2 Samuel 7:14-17 “I will be his father, and he shall be my son. If he commit iniquity, I will chasten him with the rod of men, and with the stripes of the children of men:  15 But my mercy shall not depart away from him, as I took it from Saul, whom I put away before thee.  16 And thine house and thy kingdom shall be established for ever before thee: thy throne shall be established for ever.  17 According to all these words, and according to all this vision, so did Nathan speak unto David.”

You may not see the full significance of this promise at this point, but later we will see how it affected the way the curses were fulfilled; how it helped to preserve David’s descendants and hold back some of God’s wrath in later times of their rebellion. The greatest purpose of this promise was to preserve a line of descendants from which the Messiah, the “light” as mentioned in the promise (spoken to Jeroboam in 1 Kings 11:36) would come.



“Under David’s rule, the people of Israel gained strength, and uprightness through obedience to God’s law. But the kings that followed strove for self exaltation. They took to themselves glory for the greatness of the kingdom, forgetting how utterly dependent they were upon God. They regarded themselves as wise and independent, because of the honor showed them by fallible, erring man. They became corrupt, immoral, and rebelled against the Lord, turning from him to the worship of idols.

“God bore long with them, calling them often to repentance. But they refused to hear, and at last God spoke in judgment, showing them how weak they were without him. He saw that they were determined to have their own way, and he gave them into the hands of their enemies, who spoiled their land, and took the people captive.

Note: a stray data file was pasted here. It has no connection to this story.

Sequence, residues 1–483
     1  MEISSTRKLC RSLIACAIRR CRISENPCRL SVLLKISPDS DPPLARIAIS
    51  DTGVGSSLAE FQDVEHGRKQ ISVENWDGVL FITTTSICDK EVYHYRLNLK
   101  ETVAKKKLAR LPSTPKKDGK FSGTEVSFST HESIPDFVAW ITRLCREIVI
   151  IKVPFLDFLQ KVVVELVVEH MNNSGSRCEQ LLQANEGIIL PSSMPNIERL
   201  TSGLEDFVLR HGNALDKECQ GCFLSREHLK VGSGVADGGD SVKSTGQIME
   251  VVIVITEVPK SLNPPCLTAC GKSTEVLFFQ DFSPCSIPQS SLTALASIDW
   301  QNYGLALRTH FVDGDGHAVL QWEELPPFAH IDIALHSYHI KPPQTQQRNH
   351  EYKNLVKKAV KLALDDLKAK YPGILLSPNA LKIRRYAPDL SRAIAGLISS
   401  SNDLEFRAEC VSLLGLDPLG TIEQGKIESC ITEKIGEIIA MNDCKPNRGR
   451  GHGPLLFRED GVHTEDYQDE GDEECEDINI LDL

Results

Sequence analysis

“The alliances made by the Israelites with their heathen neighbors resulted in the loss of their identity as God’s peculiar people. They became leavened by the evil practises of those with whom they formed forbidden alliances. Affiliation with worldlings caused them to lose their first love, and their zeal for God’s service. The advantages they sold themselves to gain, brought only disappointment, and caused the loss of many souls.”

The Review and Herald {RH, August 4, 1904 par. 7-9}

In the second paragraph of the above quote, notice how she describes the fulfillment of the curses. Remember how Leviticus 26 laid out an “if…then”, cause and effect scenario? If the people would not hear… curses would be upon them. And ultimately if they would not hear or be converted by the increasing judgments or curses, scattering was to be the effect of their stubborn rebellion. That is exactly being described in the aforementioned paragraph, correct?

Well, so far have seen several evidences that the scattering curse will go into effect. But that full execution is still ahead in our study. First we must do further study about the remaining kings.


To be continued…



Bible, King James Version

Quotes taken from the Ellen G. White Writings, Comprehensive Research Edition 2008 CD